Description of course below taken from 2008′s course: 2010 course ‘U’ turn at 57th Street.
“The good news is that the roadways are closed to traffic. The bad news is that the roadways are pretty hilly and bumpy :) The cycling course exits Riverside Park at 79th Street, where you soon encounter a very steep (but short) hill. Many new triathletes will unexpectedly dismount and walk their bikes. Be prepared! Make sure your bike is in the easiest gear before you leave the transition area!! Athletes enter the northbound entrance of the Henry Hudson Highway, and continue on a moderately hilly course north out of Manhattan (practice your Harlem Hill repeats). They will ride over the Hudson River Bridge (yes, over a bridge, so be careful of the metal terrain and watch out for ejecting water bottles). On the Mosholu Parkway, there are two long up hills, followed by a huge downhill – take advantage of the speed. You must slow down to make the u-turn at the halfway point, which makes the return hills pretty slow-going. Be patient – what goes up, must come down. Participants proceed back on the Henry Hudson Parkway and ride south to 56th street. Be warned!! This u-turn is a sucker spot for crashes ever year because it is after a slight downhill. Slow down before the very narrow u-turn. Once you clear 56th street, you are in the final stretch of the bike course. Book it until you exit the parkway (a slight turn), and then be mindful of the final hill as you head into the transition area. If you are in the first transition area, you stay right; if you are in the second transition area, stay to the left.”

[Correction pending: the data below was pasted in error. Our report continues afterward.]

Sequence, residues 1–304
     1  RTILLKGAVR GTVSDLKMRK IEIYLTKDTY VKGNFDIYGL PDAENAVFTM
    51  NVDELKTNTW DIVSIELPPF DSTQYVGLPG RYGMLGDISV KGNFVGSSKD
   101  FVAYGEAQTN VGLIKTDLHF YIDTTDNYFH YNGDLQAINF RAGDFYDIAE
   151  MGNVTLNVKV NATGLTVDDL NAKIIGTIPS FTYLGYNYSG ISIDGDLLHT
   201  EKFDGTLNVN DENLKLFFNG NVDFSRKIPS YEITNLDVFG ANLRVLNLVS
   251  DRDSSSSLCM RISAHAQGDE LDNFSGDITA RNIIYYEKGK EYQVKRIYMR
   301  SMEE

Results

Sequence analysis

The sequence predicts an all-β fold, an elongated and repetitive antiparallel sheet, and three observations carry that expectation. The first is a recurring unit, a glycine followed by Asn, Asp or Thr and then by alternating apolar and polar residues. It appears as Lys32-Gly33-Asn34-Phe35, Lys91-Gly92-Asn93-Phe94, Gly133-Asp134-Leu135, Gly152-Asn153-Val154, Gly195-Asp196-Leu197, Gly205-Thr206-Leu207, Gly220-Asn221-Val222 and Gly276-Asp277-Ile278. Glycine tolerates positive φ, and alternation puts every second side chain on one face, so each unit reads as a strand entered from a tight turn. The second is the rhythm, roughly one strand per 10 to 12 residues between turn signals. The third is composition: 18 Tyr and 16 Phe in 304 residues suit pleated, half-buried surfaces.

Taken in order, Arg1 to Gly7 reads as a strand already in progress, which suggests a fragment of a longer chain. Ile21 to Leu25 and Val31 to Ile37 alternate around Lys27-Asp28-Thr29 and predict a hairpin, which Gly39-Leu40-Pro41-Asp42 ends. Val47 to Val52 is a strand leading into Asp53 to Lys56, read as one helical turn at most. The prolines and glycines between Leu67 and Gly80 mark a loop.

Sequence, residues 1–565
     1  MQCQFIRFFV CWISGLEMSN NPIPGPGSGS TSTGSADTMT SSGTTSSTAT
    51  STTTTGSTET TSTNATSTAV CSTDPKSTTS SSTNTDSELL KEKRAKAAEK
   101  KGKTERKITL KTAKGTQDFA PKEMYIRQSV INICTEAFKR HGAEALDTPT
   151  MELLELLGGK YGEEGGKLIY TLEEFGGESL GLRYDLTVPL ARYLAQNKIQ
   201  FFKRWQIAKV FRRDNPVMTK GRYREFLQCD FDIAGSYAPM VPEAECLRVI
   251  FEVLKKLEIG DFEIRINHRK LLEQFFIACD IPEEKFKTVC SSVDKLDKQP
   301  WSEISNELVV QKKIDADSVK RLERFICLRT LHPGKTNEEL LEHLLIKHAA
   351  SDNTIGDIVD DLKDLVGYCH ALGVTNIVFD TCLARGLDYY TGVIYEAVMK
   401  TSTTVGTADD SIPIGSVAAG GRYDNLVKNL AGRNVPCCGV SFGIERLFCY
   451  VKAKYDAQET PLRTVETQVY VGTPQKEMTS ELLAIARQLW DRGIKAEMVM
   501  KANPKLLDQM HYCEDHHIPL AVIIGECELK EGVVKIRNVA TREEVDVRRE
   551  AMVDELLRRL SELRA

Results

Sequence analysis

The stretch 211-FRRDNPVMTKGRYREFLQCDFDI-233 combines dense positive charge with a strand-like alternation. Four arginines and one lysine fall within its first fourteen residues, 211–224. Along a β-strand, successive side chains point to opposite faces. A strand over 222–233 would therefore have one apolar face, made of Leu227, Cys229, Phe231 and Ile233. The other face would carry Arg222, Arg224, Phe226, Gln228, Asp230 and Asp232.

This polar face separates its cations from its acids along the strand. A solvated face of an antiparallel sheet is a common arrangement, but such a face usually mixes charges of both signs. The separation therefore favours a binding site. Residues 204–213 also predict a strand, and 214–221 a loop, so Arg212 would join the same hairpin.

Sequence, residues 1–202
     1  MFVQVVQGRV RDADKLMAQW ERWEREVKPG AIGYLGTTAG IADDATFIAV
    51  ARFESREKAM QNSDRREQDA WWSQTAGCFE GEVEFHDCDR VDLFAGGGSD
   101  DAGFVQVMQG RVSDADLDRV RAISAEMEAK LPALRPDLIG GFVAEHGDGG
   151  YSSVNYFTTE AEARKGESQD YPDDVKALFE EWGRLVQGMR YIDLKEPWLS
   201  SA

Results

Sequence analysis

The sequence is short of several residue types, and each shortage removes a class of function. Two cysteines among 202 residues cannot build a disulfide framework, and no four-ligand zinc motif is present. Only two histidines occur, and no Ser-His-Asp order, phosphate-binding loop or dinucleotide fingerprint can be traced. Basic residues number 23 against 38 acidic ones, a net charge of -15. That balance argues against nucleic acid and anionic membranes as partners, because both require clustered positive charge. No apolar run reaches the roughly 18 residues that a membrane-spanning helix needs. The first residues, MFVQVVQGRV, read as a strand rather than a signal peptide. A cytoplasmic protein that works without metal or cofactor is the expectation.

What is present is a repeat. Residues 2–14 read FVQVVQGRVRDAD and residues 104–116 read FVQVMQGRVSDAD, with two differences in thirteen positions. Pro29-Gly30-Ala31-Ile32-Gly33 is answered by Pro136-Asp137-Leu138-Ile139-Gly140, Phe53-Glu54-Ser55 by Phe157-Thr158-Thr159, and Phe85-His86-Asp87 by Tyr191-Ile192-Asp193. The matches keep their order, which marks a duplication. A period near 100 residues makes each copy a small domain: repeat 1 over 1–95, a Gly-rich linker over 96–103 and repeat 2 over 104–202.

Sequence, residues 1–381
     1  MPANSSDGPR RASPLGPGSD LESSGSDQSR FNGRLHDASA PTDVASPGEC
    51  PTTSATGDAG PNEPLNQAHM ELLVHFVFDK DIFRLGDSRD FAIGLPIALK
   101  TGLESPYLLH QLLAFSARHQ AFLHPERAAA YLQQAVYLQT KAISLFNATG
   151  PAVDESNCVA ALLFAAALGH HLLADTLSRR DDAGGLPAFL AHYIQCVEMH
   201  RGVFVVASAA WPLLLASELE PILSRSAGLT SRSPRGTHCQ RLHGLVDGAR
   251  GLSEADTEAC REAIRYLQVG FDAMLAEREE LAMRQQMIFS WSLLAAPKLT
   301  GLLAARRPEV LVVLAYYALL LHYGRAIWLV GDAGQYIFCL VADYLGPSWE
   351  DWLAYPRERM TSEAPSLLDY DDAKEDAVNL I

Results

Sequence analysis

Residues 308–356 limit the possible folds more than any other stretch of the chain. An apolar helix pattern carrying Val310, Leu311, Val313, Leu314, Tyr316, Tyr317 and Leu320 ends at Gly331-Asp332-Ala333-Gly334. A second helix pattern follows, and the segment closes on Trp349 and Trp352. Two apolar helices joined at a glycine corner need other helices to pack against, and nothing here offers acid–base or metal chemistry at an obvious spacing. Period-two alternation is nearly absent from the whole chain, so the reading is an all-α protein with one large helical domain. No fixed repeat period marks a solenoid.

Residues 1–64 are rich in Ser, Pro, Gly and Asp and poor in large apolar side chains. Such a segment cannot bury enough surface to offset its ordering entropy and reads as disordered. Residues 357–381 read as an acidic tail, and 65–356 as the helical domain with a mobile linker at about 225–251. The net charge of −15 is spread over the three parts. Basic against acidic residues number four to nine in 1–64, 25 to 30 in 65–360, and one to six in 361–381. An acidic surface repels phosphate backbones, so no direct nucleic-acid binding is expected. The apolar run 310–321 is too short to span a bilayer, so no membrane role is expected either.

Posted by alpaul on July 13, 2010
Hey Coach Jared,
I was chatting with someone on the triathlete.com message board about bike set up for IM Wisco, and he mentioned that you rode a 5:05 time on a road bike with clip-ons. Is that true? (Impressive time!!) I’m thinking about going with a similar road set up and just wanted to see how that worked for you and if you’d recommend it?
Posted by alpaul on July 10, 2010
This is my last peak week of training before the Nautica NYC Tri next week. I am hoping for a last simulation session. I am following a schedule that calls for a 1000 yd/m swim, 20 mile bike and 4 mile run (all at race pace). It would be great if I was able to accomplish this workout this weekend. However if I am not able to complete it that would be okay. As of today I am very satisfied with my olympic tri training. I have been able to stick closely to my training goals and look forward to a great race on July 18th pending everything else goes smoothly.
Posted by alpaul on July 8, 2010
Along with my aero bars. I also got the aerodrink bottle from Profile Design. The yellow sponge insert below must be placed in the bottle to prevent splashing. The design on this thing is not perfect by any means. However it provides me with excellent hydration convenience when in aero.
Posted by alpaul on July 4, 2010
Profile Design AirStryke Aerobar